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. 2015 Nov 26;3:261.
doi: 10.3389/fpubh.2015.00261. eCollection 2015.

Experience With Quality Assurance in Two Store-and-Forward Telemedicine Networks

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Free PMC article

Experience With Quality Assurance in Two Store-and-Forward Telemedicine Networks

Richard Wootton et al. Front Public Health. .
Free PMC article

Abstract

Despite the increasing use of telemedicine around the world, little has been done to incorporate quality assurance (QA) into these operations. The purpose of the present study was to examine the feasibility of QA in store-and-forward teleconsulting using a previously published framework. During a 2-year study period, we examined the feasibility of using QA tools in two mature telemedicine networks [Médecins Sans Frontières (MSF) and New Zealand Teledermatology (NZT)]. The tools included performance reporting to assess trends, automated follow-up of patients to obtain outcomes data, automated surveying of referrers to obtain user feedback, and retrospective assessment of randomly selected cases to assess quality. In addition, the senior case coordinators in each network were responsible for identifying potential adverse events from email reports received from users. During the study period, there were 149 responses to the patient follow-up questions relating to the 1241 MSF cases (i.e., 12% of cases), and there were 271 responses to the follow-up questions relating to the 639 NZT cases (i.e., 42% of cases). The collection of user feedback reports was combined with the collection of patient follow-up data, thus producing the same response rates. The outcomes data suggested that the telemedicine advice proved useful for the referring doctor in the majority of cases and was likely to benefit the patient. The user feedback was overwhelmingly positive, over 90% of referrers in the two networks finding the advice received to be of educational benefit. The feedback also suggested that the teleconsultation had provided cost savings in about 20% of cases, either to the patient/family, or to the hospital/clinic treating the patient. Various problems were detected by regular monitoring, and certain adverse events were identified from email reports by the users. A single aberrant quality reading was detected by using a process control chart. The present study demonstrates that a QA program is feasible in store-and-forward telemedicine, and shows that it was useful in two different networks, because certain problems were detected (and then solved) that would not have been identified until much later. It seems likely that QA could be used much more widely in telemedicine generally to benefit patient care.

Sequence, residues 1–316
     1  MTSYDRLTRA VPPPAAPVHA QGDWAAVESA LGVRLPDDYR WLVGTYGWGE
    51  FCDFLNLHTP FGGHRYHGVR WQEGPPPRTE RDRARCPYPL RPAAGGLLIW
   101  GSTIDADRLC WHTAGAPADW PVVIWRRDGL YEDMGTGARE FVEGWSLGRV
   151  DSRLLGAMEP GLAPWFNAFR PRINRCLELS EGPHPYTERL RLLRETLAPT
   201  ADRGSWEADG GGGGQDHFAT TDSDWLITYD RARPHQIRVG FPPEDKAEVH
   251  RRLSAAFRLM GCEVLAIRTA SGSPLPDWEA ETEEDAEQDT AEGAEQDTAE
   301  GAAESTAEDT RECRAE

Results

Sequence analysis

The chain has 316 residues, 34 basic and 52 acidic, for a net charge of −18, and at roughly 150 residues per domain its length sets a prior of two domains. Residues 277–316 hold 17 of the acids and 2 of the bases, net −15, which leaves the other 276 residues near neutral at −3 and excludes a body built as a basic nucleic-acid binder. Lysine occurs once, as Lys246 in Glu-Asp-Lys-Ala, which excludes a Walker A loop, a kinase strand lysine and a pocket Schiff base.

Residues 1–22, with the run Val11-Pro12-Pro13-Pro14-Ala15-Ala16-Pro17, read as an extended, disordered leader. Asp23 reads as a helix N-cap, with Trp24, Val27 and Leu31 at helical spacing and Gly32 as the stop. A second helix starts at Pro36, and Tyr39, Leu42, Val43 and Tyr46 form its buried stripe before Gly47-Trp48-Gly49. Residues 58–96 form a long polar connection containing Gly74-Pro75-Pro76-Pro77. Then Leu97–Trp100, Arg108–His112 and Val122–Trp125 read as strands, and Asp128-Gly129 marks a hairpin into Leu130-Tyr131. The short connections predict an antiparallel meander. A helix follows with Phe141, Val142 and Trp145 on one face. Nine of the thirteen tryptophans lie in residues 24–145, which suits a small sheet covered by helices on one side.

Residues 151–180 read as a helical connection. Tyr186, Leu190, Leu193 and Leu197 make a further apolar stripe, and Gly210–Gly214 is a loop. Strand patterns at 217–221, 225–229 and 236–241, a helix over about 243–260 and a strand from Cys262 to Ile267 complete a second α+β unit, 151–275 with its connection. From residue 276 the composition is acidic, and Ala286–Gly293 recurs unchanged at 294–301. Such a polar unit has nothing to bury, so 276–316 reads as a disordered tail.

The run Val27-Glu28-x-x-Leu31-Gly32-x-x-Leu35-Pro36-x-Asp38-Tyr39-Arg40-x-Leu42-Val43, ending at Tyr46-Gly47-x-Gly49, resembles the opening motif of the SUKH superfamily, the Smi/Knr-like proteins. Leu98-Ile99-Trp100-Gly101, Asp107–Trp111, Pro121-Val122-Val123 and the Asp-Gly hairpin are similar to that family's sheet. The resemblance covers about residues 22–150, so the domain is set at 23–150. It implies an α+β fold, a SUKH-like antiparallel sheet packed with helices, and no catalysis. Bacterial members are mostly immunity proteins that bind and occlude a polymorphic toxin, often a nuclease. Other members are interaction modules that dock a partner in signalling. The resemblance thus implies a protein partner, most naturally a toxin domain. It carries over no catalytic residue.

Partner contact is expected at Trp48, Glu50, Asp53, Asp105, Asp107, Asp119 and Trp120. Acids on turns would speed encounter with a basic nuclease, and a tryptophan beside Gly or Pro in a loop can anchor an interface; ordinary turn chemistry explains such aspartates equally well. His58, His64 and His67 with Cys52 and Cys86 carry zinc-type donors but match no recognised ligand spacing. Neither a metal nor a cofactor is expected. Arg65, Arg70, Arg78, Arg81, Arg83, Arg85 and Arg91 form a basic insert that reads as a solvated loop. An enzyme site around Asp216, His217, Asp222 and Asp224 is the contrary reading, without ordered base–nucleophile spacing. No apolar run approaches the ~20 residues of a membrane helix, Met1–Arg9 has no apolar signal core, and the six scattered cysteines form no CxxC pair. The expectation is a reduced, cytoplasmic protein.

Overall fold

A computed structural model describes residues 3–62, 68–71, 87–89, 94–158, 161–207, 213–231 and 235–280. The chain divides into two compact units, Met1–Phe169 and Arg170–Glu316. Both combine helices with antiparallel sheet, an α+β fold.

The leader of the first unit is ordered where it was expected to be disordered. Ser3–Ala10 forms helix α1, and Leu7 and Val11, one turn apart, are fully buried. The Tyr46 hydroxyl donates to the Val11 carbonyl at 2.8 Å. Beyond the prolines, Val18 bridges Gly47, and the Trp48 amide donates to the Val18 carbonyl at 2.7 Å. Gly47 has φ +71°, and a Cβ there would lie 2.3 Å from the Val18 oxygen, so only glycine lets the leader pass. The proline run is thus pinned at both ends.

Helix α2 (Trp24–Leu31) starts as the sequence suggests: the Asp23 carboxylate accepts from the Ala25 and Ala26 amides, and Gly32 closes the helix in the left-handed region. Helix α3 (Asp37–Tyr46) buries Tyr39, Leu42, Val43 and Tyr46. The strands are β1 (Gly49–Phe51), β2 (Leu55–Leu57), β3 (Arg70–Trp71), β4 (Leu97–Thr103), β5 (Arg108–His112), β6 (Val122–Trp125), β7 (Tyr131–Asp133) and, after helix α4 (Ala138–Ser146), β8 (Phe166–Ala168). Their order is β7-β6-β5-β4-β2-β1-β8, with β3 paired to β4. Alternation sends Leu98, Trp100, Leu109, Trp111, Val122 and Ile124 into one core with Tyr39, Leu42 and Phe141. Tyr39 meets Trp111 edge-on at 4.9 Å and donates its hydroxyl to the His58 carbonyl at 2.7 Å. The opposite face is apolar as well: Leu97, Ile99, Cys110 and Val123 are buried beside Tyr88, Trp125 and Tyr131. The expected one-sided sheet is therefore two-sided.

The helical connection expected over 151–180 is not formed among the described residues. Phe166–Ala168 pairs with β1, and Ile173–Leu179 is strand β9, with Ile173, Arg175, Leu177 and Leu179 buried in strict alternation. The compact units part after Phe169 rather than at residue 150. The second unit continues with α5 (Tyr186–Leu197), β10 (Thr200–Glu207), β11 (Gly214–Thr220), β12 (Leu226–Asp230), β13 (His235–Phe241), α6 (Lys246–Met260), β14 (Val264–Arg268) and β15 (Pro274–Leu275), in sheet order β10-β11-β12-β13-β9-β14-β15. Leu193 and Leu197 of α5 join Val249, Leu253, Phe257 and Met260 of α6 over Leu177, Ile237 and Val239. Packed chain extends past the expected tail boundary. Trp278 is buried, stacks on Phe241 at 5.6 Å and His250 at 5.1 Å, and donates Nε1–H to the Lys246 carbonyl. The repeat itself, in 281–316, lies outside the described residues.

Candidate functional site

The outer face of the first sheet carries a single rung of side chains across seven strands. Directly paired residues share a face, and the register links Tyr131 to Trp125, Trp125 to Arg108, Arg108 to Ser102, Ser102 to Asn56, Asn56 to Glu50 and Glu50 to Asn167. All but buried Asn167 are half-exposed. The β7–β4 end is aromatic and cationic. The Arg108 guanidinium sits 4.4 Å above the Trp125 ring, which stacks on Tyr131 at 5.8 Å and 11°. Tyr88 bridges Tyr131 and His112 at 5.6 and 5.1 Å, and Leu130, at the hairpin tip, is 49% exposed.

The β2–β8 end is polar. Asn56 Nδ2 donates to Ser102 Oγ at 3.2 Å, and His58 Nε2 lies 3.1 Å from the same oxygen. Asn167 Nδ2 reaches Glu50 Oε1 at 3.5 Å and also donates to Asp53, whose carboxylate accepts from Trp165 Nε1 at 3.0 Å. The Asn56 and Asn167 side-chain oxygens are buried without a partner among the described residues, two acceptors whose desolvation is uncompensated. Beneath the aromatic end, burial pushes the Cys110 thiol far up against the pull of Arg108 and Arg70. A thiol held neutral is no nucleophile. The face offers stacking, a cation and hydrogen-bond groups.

Keywords: LMICs; quality assurance; quality control; telehealth; telemedicine.

Figures

Figure 1
Figure 1
Monthly email reports to the coordinators on the two networks.
Figure 2
Figure 2
Performance graph (produced on demand).
Figure 3
Figure 3
Trend in the average delay in allocation of new cases (MSF network). The solid line is the linear regression. In month 8, there were 23 referrals. The apparent outlier in allocation delay at month 8 was caused by a single case in which an image dataset had to be sent by post, because the Internet connection at the field site in question did not allow a very large file to be uploaded.
Figure 4
Figure 4
Process control chart for the Grand Quality Score in the MSF network.
Figure S1
Figure S1
Word frequencies* in the free-text responses to the invitation to comment about why the advice was helpful in the case being followed up. *See http://tagcrowd.com/.
Figure S2
Figure S2
Word frequencies* in the free-text responses to the invitation to comment about the telemedicine service.*See http://tagcrowd.com/.

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